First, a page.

The teasing is so common that is has been accepted as “the standard ginger bullying” by those who Knights has encountered. Either they’ve “resigned themselves” to the fate to ease the blow of the teases or “their parents pre-warned them” that they should expect it. A mindset, he thinks, no one should have.
And he’s not the only one.
Last year, a group of redheads banded together to participate in the UK’s first Ginger Pride Walk, standing up to the prejudice. The crowd, which marched through the streets of Edinburgh, held signs stating “Ginger and proud,” “All hail! The red, orange and pale,” and “It gets redder” (a play on the LGBTQ campaign “It gets better”).
“Although it isn’t a real word, gingerism exists and bullying exists and you can’t deny that kids are being subjected to taunts or being bullied in schools just for having red hair,” the walk’s leader, Canadian comedian Shawn Hitchins, said.
The prejudice reaches even further than the playground. In 2011, Cryos, the world’s largest sperm bank, began turning away redheads. The demand was too low. Even one of the photographer’s own friends embarrassingly admitted that she would be “really disappointed” if she were to have a ginger baby.
Knights’ project seeks to eliminate these negative reactions, showing both bully and bullied as well as hopeful parents and singles that being a ginger male is a desirable trait.
Finding the models proved to be a difficult task. Not because of the lack of attractive gingers, but because only two modeling agencies in the UK had redheaded males on their books. Knights had four guys to work with, and, after shooting them in one day, he took matters into his own hands, creating a flier which he posted online. Within the first day, it was re-blogged 30,000 times on Tumbler. Conan O’Brien even cut himself into the RED HOT promotional video for his TBS talk show. “We kind of knew early on that we had hit on something really unique,” Knights says.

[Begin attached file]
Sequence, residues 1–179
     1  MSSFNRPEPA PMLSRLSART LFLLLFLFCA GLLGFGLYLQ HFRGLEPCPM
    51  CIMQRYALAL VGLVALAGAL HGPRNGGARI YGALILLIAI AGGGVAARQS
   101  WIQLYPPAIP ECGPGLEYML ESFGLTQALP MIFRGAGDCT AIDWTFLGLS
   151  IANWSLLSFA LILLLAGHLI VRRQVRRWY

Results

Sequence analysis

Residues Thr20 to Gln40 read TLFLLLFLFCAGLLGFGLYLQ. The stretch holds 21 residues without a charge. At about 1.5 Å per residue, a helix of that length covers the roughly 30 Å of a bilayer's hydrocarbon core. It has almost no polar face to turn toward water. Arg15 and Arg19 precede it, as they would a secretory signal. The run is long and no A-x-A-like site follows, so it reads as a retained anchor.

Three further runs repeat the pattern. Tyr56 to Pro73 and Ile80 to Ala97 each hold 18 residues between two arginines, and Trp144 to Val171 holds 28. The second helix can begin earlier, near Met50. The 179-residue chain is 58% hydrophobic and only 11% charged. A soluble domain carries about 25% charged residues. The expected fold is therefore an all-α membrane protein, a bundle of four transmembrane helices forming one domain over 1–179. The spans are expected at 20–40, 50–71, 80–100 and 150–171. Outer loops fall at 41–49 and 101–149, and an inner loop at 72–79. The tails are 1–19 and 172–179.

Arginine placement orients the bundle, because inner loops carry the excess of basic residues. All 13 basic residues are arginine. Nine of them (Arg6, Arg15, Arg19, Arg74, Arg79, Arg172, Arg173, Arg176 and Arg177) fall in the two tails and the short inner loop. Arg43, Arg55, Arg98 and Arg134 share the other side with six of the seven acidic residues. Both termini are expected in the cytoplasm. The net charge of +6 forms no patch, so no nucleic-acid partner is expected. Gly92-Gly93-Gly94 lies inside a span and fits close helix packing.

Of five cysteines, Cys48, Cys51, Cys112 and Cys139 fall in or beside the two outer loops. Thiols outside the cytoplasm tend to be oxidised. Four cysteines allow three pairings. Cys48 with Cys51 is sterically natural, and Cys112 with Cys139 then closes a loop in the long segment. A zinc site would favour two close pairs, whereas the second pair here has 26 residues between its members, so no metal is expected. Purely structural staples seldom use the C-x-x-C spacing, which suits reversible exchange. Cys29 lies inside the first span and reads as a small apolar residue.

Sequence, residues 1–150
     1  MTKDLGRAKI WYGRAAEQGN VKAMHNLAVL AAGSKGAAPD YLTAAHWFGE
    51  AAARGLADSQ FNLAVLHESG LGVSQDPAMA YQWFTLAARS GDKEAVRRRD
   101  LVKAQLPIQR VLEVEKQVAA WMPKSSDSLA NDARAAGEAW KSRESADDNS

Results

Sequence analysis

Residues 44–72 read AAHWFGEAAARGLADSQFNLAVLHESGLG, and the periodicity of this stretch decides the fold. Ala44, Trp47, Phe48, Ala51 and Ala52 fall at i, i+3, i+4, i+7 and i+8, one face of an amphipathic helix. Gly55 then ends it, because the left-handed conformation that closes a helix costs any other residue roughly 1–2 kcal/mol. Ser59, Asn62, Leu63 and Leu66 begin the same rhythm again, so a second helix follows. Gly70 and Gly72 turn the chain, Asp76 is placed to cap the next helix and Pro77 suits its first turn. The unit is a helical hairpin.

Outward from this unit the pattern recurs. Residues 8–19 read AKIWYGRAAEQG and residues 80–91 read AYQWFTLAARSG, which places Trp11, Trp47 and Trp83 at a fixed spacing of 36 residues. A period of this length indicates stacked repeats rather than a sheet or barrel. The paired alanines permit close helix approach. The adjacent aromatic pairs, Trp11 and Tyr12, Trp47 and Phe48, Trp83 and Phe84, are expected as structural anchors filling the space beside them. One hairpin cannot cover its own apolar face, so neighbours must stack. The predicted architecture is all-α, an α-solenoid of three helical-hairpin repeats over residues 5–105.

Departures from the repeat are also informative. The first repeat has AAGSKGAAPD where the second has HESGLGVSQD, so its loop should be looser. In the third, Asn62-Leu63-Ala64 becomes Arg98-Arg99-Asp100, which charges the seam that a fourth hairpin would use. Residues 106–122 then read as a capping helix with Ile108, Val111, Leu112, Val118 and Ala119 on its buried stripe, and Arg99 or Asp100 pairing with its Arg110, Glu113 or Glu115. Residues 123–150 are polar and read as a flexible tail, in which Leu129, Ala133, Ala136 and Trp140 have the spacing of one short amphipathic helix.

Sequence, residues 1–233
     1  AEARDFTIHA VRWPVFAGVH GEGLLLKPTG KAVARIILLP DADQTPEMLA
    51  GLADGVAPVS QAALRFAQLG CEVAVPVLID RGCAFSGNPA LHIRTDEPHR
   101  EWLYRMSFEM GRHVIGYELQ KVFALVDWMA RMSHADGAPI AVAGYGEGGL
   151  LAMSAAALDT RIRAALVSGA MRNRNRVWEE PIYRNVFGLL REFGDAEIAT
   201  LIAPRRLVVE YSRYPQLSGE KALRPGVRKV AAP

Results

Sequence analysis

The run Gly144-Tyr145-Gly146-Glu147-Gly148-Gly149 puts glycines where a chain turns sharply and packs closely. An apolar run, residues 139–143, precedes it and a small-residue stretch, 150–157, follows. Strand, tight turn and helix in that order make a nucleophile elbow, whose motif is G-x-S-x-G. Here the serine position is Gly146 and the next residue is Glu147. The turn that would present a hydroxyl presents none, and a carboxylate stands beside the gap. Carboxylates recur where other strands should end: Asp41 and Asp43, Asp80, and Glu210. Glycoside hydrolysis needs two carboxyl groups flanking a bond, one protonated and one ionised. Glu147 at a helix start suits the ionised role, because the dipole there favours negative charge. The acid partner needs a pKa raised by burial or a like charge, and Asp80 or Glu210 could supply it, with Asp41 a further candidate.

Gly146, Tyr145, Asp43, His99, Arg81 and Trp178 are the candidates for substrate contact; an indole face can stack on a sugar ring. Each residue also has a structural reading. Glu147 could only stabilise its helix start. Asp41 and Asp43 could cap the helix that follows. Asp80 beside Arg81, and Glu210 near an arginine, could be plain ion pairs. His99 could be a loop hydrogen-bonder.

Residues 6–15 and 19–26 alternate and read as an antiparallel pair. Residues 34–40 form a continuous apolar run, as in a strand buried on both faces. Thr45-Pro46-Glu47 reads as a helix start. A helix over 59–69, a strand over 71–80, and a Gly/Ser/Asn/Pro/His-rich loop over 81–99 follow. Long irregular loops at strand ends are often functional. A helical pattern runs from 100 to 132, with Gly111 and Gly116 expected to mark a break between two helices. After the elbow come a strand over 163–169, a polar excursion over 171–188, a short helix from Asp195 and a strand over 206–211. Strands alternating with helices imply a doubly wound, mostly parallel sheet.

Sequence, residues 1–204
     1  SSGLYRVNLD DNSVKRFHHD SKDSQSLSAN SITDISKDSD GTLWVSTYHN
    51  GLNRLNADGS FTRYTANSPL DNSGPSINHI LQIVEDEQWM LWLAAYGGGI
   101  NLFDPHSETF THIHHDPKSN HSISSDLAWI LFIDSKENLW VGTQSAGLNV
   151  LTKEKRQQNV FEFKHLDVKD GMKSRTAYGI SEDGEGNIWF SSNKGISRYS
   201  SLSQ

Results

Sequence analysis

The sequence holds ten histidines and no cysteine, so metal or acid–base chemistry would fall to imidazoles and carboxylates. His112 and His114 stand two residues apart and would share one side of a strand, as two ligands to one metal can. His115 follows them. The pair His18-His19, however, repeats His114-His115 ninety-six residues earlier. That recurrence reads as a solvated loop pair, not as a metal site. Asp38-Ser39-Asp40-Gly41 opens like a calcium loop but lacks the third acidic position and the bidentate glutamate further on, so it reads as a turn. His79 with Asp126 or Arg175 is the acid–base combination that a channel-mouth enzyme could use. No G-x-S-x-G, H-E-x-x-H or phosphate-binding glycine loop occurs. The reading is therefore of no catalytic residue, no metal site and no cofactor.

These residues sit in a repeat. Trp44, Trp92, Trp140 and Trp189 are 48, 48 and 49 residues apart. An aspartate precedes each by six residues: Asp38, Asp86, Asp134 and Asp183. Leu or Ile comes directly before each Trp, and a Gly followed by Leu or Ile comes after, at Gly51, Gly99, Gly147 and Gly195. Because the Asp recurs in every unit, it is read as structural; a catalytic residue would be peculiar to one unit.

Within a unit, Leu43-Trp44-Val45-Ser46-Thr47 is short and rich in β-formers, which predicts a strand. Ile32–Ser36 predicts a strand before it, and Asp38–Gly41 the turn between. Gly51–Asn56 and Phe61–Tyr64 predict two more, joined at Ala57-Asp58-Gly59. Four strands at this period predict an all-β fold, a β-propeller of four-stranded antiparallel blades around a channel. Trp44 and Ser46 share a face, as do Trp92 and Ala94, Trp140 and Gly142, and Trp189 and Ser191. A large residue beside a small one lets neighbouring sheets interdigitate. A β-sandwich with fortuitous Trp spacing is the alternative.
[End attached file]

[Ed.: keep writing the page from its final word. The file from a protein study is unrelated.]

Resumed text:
Hundreds of submissions began to pour in from across Europe, the United States, and South America. There are baby faces and beards, men of different statures and skin tones, every shade of red hair, dreadlocks, and even a set of twins.
Since the initial exhibition in London last December, a lot has changed for the guys. Fashion editorials have begun featuring more redheaded models, such as Tom Turpie and James Parr, who scored a Mulberry campaign alongside blue-chip model Cara Delevingne. RED HOT’s cover model, Kenneth Beck, who Knights discovered in a juice shop, has gone on to modeling full time. And many more have followed suit.
Given all the success that the project has had, Knights plans on expanding the RED HOT project into a full, marketable brand for redheads. He has already developed a hair product that enhances the luster of red hair and has plans for more products. There’s even talk of a book of redheaded women. “Once we have done all we can for the guys, I want to start shooting girls,” he said. “Ultimately girls do struggle with red hair growing up, it’s just that they have better [redheaded] role models in life.”
RED HOT will be on display at BOSI Contemporary, 48 Orchard St., from September 3-14, 2014. RED HOT 100 is available for purchase here.